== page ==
Biden aims for the impossible in Afghanistan

A cursory examination of the emerging US policy on Afghanistan would probably conclude that the strategy to end a two decade-old, mostly fruitless, military intervention is ill-conceived and mistimed. That view has substantial support even among the ranks of Washington’s dovish cohort, which is not keen on striking a deal with the Taliban given its track record as a fundamentalist, autocratic Islamist movement with no inclinations toward democracy, human rights or personal liberty — along with its support for Al-Qaeda and ties to 9/11.

However, the overall aim of the Biden plan is to attempt the unprecedented, ending the US-led coalition’s Afghanistan mission by trying to establish a democratic, stable and self-sustaining long-term settlement. Its current iteration involves reviving a stalled peace process using a multilateral approach via forceful regional diplomacy, as well as pressuring the Kabul government led by President Ashraf Ghani to support the process and the Taliban to de-escalate its attacks.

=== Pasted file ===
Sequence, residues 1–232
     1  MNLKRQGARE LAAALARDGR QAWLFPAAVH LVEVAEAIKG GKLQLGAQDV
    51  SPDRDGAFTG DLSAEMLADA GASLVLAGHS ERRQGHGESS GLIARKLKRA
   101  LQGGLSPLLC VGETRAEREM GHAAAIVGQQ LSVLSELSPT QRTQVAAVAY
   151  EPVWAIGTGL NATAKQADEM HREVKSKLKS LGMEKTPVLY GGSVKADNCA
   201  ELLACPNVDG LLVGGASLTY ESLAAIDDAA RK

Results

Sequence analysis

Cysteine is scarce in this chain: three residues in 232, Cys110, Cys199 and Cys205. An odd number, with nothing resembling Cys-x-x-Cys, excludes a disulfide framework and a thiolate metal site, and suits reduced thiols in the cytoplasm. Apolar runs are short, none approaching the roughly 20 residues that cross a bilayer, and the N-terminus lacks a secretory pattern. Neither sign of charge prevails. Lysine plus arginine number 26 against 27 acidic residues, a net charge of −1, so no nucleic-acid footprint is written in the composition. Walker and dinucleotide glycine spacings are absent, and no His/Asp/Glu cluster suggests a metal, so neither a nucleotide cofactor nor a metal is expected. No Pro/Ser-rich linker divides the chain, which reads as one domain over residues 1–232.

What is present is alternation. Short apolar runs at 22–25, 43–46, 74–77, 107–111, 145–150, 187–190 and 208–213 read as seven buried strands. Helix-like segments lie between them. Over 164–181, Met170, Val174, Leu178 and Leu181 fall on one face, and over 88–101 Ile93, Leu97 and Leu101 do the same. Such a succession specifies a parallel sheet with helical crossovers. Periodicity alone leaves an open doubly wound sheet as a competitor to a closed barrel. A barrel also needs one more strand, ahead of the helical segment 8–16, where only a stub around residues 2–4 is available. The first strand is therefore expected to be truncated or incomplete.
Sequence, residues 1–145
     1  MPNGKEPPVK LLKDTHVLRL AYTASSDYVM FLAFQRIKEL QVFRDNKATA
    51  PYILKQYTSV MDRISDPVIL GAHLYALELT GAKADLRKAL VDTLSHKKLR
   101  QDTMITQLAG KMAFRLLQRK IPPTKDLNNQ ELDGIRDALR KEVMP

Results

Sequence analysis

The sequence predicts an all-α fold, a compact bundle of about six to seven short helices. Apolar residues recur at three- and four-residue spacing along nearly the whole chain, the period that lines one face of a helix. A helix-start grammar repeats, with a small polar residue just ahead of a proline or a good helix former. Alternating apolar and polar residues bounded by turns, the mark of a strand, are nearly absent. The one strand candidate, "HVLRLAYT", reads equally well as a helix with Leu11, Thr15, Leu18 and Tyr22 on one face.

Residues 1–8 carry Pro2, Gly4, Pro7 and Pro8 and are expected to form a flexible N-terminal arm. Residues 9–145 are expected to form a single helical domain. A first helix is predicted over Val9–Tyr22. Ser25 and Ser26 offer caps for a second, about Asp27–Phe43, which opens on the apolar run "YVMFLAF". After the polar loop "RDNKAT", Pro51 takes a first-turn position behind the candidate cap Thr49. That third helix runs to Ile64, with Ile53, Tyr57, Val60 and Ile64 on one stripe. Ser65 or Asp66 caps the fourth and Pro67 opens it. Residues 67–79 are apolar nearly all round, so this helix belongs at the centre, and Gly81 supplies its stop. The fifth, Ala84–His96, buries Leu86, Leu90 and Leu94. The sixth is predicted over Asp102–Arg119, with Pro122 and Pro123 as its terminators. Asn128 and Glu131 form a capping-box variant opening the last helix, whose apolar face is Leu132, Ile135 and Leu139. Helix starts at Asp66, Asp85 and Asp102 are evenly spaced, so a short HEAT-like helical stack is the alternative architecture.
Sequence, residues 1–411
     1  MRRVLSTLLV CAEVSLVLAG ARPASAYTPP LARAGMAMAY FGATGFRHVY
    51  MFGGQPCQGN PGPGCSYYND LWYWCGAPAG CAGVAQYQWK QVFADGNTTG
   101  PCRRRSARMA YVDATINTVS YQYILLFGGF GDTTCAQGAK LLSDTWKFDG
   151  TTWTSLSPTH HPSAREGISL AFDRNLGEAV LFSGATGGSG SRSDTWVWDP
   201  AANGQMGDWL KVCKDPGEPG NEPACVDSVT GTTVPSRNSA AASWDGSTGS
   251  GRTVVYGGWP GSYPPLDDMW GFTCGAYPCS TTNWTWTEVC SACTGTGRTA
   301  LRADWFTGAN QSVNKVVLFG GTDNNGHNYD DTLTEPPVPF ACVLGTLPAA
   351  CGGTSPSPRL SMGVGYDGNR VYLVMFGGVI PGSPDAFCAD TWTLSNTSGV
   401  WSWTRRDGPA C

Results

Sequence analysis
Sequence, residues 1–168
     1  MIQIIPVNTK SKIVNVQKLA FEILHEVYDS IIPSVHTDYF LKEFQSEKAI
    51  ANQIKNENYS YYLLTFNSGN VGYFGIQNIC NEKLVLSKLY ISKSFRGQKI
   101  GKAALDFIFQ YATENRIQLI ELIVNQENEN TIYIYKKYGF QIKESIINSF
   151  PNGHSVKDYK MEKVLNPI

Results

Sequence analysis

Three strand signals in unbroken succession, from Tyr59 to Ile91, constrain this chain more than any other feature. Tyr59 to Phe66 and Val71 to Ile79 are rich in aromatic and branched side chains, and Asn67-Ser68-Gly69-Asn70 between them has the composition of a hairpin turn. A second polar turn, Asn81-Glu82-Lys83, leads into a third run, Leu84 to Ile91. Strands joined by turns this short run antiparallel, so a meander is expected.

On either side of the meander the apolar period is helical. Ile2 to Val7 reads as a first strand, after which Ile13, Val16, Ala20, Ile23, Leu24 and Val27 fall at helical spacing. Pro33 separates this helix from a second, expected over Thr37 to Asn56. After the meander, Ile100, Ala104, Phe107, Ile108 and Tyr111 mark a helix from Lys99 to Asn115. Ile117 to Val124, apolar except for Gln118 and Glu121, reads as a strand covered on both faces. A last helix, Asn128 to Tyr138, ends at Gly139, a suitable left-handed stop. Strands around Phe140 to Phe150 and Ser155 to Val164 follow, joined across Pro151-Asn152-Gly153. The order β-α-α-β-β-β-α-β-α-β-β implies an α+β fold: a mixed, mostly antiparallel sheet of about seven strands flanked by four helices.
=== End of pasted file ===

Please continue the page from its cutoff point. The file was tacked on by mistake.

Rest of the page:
Attempts at establishing a centralized, democratic-leaning government have failed just as much as the Taliban’s unfettered illiberalism. By making a play for a decentralized government, the White House is investing diplomatic and political capital in a shaky power-sharing arrangement between two entities that deny each other’s legitimacy.

An abrupt departure risks new instability and conflict, endangering the strategic or security interests of neighboring states such as Pakistan, India and even China. Afghanistan’s proximity to the Uighur Muslims of Xinjiang, for example, makes for an exceedingly wary Beijing, concerned that Taliban supremacy will give aid or comfort to the separatist ideals of Uighur militants